It’s shaping up to be another highly celebratory year for Moët & Chandon – for two very good reasons. The first is the 150th anniversary of its iconic signature champagne, Moët Impérial, after the first bottle was shipped from Epernay in 1869. To commemorate this landmark birthday, the house has just unveiled a limited edition bottle with a specially designed label. The second is that on Tuesday night, Moët & Chandon reopened its historic, ultra-exclusive Château de Saran – where it has historically entertained its most famous VIP guests – after an extensive and transformative five-year restoration.
Even by Moët & Chandon’s standards it was a star-studded night, with international guests including Roger Federer, Uma Thurman, Natalie Portman and Kate Moss. Magnums of Impérial were poured, a son et lumière display lit up the vineyards, and dinner was prepared and presented by Michelin-starred chef Yannick Alléno, while English chanteuse Freya Ridings provided a live set. The host? LVMH chief executive Bernard Arnault. “LVMH is really a mix of modernity and tradition, and that is what we want to reflect in the appearance and ambience,” said Arnault of the château and the event. “But we also wanted to restore the feeling that this is a family home, where our guests can relax and enjoy themselves.”
The fact that Arnault was personally on hand to welcome guests underpins just how important this property and project are to the past, present and future of Moët & Chandon. Acquired in 1801 by Jean-Rémy Moët, Château de Saran began life as a hunting lodge. Its position was – is – spectacular. Perched on a hillside overlooking the Marne Valley and the prized vineyards of Chouilly, it is still fringed by the Saran Woods, with views from Epernay to Châlons.
In 1846, the property was expanded by Jean-Rémy’s son, Victor, and made into an elegant manor house. In the 1920s it was extended again by the Epernay architect Fernand Gallot, who furnished it with its current 18th-century façade. It was at this point that it became the principal residence of the Moët family until after the second world war. Briefly, it was left to the Hospital of Epernay in 1952, but was then repurchased by Moët & Chandon soon after.
Ever since, it has been pressed into service as the house’s most exclusive hospitality venue for honoured visitors. Over recent decades, a steady stream of royalty, ambassadors, politicians, business moguls and celebrities have all wined, dined and partied in style at this most private of Champagne châteaux.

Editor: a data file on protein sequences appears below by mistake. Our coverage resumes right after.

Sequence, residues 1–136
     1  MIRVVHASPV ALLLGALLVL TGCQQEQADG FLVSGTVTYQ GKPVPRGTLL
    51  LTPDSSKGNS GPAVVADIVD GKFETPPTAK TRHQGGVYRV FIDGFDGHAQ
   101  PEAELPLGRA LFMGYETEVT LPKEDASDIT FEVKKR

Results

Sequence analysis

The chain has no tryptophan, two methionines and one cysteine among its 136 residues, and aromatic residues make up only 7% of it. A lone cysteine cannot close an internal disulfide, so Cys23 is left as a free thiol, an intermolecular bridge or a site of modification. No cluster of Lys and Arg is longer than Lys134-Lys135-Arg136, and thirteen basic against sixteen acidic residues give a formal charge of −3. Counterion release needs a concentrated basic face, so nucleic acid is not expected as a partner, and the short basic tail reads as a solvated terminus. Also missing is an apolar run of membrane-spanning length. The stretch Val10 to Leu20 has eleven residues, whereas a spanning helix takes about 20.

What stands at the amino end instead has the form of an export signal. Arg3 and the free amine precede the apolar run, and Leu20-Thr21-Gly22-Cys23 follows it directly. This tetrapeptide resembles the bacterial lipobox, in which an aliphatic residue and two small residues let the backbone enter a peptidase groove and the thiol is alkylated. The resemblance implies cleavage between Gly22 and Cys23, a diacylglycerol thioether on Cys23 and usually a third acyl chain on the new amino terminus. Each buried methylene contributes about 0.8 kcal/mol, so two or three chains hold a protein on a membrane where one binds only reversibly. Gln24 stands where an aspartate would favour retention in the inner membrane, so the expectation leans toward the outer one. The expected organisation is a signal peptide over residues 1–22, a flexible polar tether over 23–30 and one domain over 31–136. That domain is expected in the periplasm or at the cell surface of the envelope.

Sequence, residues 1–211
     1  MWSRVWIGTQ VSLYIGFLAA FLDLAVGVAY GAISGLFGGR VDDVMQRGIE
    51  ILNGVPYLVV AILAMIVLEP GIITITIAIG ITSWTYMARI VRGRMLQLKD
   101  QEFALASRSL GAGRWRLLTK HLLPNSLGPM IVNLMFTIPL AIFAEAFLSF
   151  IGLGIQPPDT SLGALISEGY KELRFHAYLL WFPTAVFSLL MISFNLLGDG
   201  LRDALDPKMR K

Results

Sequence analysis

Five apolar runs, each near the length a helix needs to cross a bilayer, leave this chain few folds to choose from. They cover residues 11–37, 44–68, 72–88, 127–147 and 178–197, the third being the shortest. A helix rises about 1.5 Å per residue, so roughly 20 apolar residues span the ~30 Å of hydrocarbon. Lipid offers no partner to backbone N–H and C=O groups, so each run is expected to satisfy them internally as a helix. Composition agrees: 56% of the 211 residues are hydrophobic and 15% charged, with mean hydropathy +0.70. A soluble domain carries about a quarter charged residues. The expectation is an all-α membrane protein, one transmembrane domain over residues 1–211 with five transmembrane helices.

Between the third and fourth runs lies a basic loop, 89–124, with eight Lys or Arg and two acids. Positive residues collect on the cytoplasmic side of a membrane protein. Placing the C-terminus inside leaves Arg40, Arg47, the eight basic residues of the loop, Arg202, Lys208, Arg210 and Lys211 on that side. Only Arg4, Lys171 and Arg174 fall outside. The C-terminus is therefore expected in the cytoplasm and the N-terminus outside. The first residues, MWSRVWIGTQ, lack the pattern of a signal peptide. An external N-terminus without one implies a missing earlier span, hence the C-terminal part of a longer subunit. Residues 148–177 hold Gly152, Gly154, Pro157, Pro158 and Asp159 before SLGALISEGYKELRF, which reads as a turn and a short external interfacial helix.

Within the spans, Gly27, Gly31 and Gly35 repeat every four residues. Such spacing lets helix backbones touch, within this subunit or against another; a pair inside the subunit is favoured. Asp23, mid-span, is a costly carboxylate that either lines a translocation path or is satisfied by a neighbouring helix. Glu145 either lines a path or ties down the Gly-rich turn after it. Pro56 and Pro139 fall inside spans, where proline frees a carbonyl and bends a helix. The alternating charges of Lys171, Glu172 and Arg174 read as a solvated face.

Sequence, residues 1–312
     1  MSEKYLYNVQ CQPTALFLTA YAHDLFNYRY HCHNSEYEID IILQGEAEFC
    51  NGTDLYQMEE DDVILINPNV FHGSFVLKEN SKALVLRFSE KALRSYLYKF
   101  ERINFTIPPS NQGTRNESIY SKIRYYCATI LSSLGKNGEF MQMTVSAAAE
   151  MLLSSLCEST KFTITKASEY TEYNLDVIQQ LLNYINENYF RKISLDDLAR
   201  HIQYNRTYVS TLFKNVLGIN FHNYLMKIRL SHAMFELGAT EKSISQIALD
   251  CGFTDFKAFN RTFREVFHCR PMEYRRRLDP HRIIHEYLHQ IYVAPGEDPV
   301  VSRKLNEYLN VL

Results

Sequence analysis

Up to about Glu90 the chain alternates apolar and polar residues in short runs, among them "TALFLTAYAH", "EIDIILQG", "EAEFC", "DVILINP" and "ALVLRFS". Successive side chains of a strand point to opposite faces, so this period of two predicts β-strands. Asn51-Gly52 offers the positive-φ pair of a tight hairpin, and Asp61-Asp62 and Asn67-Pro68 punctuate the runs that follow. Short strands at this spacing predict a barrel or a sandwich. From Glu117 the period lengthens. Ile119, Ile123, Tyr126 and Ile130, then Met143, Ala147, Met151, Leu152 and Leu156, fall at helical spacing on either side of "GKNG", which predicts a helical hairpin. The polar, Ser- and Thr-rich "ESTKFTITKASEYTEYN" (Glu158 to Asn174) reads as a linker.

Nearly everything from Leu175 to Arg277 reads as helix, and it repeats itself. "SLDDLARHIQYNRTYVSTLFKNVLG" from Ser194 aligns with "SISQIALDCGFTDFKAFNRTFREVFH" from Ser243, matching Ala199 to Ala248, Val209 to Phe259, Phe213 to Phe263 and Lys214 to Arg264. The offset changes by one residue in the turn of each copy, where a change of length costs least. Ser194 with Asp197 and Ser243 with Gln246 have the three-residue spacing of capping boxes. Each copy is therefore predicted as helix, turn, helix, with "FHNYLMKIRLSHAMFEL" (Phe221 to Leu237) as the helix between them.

And so they will again, now the property has been sumptuously transformed for the 21st century. The design is the work of Parisian architectural studio Atelier Cos, together with interior designer Yves de Marseille (they had previously collaborated to great effect on the restoration of Christian Dior’s maison in La Colle Noire near Grasse, which opened in 2017). Their brief was to restore and reconfigure Saran back to the magnificent château de famille that it once was. The design is thus artfully faithful to the Moët family’s heritage, as well as to the legendary savoir-fête of Moët & Chandon.
The immaculate interiors and exteriors do not disappoint. The main downstairs reception rooms brim with refinement and sophistication; de Marseille has worked in a number of Moët family heirlooms to add to the authenticity. Upstairs are 11 individually designed suites with a dazzling haute-couture mix of colours, textures, fabrics and objets d’art. Each pays an appropriately luxurious tribute to Moët & Chandon’s global commercial triumphs over the past three centuries.
The dramatic Imperial suite is an ode to Napoleon and the cordial friendship between Bonaparte and the aforementioned Jean-Rémy. In pronounced contrast, the American suite is done in early New Orleans style and celebrates 1787, the year of Moët & Chandon’s arrival in America. Perhaps the most striking, though, is the Louis XIV suite (the Sun King allowed Dom Pierre Pérignon to introduce champagne to his court in 1687) – a stunningly rich rendition of Versailles’ art and decor, complete with select period furnishings. The bathrooms ooze unalloyed luxury; de Marseille sourced the marbles from Italy, hence the exquisite Carrara in the Christian Dior suite and the Cremo Delicato in the Hollywood suite (Rosso Ducale instead appears in the Louis XIV suite).
“The overall aim is to illustrate the past,” says de Marseille. “In certain rooms, such as the Chinese and Japanese suites, I have focused on how people imagined these countries at the time – my choices for the decoration of these rooms were made through an 18th-century European lens.”
The nearby Vendangeoir – originally built in 1854 as a winemaking centre – has also been arrestingly restored, with an “industrial style” treatment lending it a more contemporary feel. This now becomes a highly practical (not to mention desirable) space for parties and dinners prepared by in-house chef Marco Fadiga. Visitors can also kick back and relax in the warm and welcoming bar or the adjoining fumoir. It is now cleverly linked to the château by means of an underground passageway – though, weather and season permitting, you can reach it via a lovely traversing pergola in a flowering garden.
Landscape designer Peter Wirtz has brought a similarly creative eye to Saran’s paysage, redrawing the surrounding parc à l’anglaise in a more natural style. Closer to the château itself, the more orderly jardin à la française neatly frames and emphasises the Saran’s grand classicism.
It’s a grand transformation befitting a grand house. Is there a better place to quaff Moët and party the night away? Not in my address book. Now it’s just a matter of an invitation…